Thursday, December 28, 2006

the problem of impartiality and reviewing

At the risk of getting nothing but negative reviews for the rest of my life I have to comment on the terrible state of reviewing....thinking of course, of the recent slaughter of Nathalie Stephens in the Globe & Mail versus the glowing, gloss of a review such as the recent one of Paul Muldoon by Ken Babstock. Let me just say up front that I don't have a problem with glowing reviews, or Ken Babstock, or Paul Muldoon for that matter, but don't these extremes point to an inconsistency of editorial policy at what is probably the only national venue for poetry reviews in the country?
The G&M seems to be very good at assigning certain kinds of poetry (or maybe certain people get to pick the ones they love). Babstock loves Muldoon ergo we're going to get a positive review of Muldoon; Todd Swift loves Babstock therefore we're going to get a glowing, over-the-top review of Babstock...whereas who (or what pray tell?) does Judith Fitzgerald love?
While there are those who prefer the scalding review, I wonder what the point of Fitzgerald's approach is? Who wins from this? At least Babstock writes an intelligent and often instructive, review, whereas all one feels from Fitzgerald is her bite.
Is that what we expect from newspaper reviews? Can't we expect a little more from a national "Book Review"? Unbiased I mean. Informative. If the G&M intends to be unbiased it should be unbiased...for all. It should decide whether it wants critical reviews and then go for critical reviews, illuminating critical reviews, reviews that will give people an opportunity to actually learn and think about poetry, about a book that is being offered for their consumption...
I've said this before and I say it again, like or don't like just isn't interesting. Maybe for a blog, but not for what we look to for a critical review... One wonders whether the G&M feels that poetry isn't worth the attention? Isn't worth finding the appropriate reviewer for a given book? Or, does it have an agenda, like so many other publications seem to have, of promoting a certain--very limited idea of poetry? If so, then why bother attempting to be inclusive? I haven't done the math, I wish someone would...I would be surprised to find a balanced representation, but it's possible.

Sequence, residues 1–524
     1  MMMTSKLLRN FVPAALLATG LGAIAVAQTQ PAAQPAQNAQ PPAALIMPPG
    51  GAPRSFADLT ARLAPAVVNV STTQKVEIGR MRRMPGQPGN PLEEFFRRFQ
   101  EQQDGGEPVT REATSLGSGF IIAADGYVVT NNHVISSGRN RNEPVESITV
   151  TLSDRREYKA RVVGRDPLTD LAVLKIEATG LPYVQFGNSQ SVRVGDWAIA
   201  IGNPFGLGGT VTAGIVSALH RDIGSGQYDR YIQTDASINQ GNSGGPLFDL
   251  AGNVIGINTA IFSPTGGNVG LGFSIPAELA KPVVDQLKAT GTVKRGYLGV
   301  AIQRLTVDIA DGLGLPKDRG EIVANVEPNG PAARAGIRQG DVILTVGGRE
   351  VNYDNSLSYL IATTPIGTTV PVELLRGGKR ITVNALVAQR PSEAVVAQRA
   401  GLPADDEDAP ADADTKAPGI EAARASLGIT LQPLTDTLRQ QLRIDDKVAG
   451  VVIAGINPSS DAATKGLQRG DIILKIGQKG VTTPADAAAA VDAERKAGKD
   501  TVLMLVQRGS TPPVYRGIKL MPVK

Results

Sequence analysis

This lack of inclusiveness is disappointing, particularly given the rich poetries currently being published in Canada...or is it just outside of the country that people see how rich and diverse and enviable the state of poetry in Canada is?
Is editorial consistency too much to ask for? Can we not expect as much from a publication such as this? Or is it really just the luck of the draw and innovative writers just happen to find their books in the hands of people predisposed to not liking them?
Finally, whatever happened to How Poetry Works? That was brilliant--those columns were clearly taking advantage of and allowing poets to show their smarts in their choosing and reading of poems. It appealed to poets and non-poets alike--why not build a critical community by informing people of the real range of contemporary poetries, and allowing them a way in to appreciating them? Or at least learning something about the work, at least coming to it open...

No comments: